Since I changed the boat cover from plastic to canvas there has been a nagging doubt in my mind that maybe the water in the bilge is not from the canvas leaking but from the boat leaking. I do not recall there being water in the bilge before I made the change, or at least not a lot. Having said that I have never lifted the bottom boards before I found that they had warped due to the water underneath them. This lead to this nagging doubt.
So, the boat is on the hard now and time to prove the point, I think, or reduce it anyway. Saturday morning saw me bailing out the water from the bilges and mopping it all up with a floor cloth. Having dried it all out I put on the cover and left it. On Sunday morning, after 8mm of rain or so, I checked the bilges and there is water lying in them which is proof that the cover is not waterproof and that rain is getting in as I suspected.
Note that this does not mean that the boat is not leaking, just that some of the water is coming from the rain.
I received the new tent canvas last week so the next thing is to construct the new canvas cockpit cover and see if that keeps the water out.
And here it is. Nice eh?
Just one problem, it leaks. No, I kid you not, despite being a much higher quality canvas, it still leaks. You see the bit just behind the bungee holding up the centre of the canvas, just before it goes flat? Well in the rain that sags a bit and then collects water like a bowl. That then drips through the canvas and into the boat.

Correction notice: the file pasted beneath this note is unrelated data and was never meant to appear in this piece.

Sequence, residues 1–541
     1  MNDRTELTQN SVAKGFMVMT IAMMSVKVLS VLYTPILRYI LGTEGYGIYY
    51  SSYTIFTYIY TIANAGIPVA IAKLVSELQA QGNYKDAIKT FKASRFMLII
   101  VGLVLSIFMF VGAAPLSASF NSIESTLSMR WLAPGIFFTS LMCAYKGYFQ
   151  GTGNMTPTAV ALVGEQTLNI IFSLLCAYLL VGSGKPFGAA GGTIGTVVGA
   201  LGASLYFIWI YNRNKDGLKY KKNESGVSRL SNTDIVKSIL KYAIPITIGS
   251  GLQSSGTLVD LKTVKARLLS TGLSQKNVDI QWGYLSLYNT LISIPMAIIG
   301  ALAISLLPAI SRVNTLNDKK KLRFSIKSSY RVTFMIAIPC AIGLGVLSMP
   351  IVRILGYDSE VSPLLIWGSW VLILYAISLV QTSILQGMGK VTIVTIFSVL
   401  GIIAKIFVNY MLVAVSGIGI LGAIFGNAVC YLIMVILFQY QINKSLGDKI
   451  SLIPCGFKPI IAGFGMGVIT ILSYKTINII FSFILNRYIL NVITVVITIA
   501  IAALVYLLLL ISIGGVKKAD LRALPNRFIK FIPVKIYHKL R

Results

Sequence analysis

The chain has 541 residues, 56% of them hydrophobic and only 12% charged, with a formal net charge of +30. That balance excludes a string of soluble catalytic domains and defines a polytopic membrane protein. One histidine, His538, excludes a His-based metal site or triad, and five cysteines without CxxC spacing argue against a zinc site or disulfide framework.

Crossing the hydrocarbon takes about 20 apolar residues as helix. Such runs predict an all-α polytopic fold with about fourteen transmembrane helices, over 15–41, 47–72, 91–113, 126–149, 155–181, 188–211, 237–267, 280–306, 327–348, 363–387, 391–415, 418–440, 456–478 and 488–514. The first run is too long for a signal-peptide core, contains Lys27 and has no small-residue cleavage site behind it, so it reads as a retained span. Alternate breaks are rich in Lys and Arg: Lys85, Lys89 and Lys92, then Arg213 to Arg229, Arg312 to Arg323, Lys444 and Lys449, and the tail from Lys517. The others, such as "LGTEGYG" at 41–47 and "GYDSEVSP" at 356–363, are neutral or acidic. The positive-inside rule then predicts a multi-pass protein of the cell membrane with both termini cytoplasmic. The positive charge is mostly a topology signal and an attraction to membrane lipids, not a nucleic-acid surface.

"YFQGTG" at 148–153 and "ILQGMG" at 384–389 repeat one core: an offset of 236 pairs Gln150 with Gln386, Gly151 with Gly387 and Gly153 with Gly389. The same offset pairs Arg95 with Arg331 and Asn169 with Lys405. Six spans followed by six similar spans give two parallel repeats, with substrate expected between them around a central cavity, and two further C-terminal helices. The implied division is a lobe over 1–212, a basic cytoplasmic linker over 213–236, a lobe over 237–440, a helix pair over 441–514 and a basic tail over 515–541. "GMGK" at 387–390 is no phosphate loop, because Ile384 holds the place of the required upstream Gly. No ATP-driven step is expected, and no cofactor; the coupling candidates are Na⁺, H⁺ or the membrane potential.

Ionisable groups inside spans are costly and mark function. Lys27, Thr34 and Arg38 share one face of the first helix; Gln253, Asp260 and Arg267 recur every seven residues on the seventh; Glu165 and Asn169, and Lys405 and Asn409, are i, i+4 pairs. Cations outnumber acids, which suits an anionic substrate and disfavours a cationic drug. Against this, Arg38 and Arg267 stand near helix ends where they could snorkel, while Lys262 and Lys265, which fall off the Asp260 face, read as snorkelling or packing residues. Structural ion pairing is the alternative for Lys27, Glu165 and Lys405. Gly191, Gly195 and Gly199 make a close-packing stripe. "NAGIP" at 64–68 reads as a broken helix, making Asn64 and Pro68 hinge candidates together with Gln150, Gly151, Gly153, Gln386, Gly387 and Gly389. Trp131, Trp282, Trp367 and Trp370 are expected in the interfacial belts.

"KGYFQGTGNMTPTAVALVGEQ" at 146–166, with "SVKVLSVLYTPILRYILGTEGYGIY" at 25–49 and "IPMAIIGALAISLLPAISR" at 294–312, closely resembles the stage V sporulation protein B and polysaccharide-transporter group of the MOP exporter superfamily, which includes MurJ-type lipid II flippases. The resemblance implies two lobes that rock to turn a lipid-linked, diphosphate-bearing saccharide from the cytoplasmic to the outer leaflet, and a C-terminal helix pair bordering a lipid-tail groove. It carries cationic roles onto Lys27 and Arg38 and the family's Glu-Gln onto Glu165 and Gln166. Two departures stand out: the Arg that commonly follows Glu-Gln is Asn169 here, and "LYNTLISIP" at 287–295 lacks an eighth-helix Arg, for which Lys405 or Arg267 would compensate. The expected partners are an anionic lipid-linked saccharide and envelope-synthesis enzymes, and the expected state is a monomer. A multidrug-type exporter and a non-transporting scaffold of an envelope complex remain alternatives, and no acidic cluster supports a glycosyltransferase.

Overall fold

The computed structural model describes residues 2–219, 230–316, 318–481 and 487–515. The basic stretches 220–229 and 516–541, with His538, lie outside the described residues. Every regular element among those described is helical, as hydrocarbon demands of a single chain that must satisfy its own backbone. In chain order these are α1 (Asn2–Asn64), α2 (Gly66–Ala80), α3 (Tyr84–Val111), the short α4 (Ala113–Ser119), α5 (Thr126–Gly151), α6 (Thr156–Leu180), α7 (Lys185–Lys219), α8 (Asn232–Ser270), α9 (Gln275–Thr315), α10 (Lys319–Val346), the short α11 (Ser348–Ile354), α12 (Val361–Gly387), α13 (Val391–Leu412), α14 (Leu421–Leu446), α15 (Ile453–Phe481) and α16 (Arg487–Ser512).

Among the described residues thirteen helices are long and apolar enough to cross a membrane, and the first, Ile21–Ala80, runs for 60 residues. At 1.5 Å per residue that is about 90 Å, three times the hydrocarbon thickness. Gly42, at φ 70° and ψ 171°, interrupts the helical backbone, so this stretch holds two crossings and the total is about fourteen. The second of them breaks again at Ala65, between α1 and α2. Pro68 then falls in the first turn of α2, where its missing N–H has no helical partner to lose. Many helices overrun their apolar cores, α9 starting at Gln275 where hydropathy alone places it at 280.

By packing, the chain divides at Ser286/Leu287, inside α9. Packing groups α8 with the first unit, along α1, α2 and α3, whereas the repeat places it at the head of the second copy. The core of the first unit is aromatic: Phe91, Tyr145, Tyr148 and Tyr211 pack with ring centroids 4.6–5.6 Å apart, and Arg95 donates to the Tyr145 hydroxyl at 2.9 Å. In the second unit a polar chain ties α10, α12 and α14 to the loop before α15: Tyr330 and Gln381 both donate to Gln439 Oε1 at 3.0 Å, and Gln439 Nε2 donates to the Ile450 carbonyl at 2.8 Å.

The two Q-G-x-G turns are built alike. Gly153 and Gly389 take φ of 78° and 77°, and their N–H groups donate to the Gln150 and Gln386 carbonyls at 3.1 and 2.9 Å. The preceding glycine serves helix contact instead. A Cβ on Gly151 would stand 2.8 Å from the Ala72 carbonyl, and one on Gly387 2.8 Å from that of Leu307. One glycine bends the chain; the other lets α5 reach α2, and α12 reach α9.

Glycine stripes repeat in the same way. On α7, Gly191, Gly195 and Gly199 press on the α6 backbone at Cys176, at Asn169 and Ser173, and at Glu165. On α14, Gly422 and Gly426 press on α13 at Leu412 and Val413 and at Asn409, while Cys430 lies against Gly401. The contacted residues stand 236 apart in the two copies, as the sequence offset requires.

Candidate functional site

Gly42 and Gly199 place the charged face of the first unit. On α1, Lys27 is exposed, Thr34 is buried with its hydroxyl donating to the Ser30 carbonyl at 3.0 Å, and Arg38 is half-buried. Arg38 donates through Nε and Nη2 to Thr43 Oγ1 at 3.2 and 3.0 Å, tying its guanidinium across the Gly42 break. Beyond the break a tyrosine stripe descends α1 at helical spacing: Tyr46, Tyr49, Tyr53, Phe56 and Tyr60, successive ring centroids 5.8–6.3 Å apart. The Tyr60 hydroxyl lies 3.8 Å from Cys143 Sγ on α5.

Oh well! Back to the drawing board.
The day started at the normal time, 06:00. We would be able to start sailing as soon as it was light enough to see where I was going safely. It is quite interesting doing one's ablutions in a confined space made a lot more difficult than it should be by the large, extra belly I currently sport. Still, I managed. Breakfast was my normal breakfast of banana, greek style yoghurt and a little granola not forgetting the cup of tea. I had boiled a kettle of water so that I could wash earlier but not used all of it so making the tea was quick and I put the kettle back on again so that I had hot water to wash the dishes. I didn't rush so it was 06:45 before we were able to get going. There was little wind but I raised all sail anyway to catch any movement in the air.
Not enough wind to raise the burgee.
Nor the telltales on the shrouds.The water is mirror-like again and it is a beautiful day.
Like yesterday the task is to get to Ely and not the sailing so I started as I meant to go on and paddle-sailed most of the way upstream to the first bridge at Littleport. I suppose that the wind would have pushed us along at a slow walking pace and had this just been a sail, I would have been content with this, but it was not so I used the paddle to try and maintain a walking pace and we arrived at just after 09:00. No bad going for 2.75 miles or so.
After mooring up at a convenient point I rigged the boat for mast lowering by attaching a block to the top of the gammon iron and a rope tied to the forestay above the bottle screw, through the block and aft to the cockpit. This is to allow me to control the mast as it starts to lower but before I can reach it with my hand. And vice versa of course.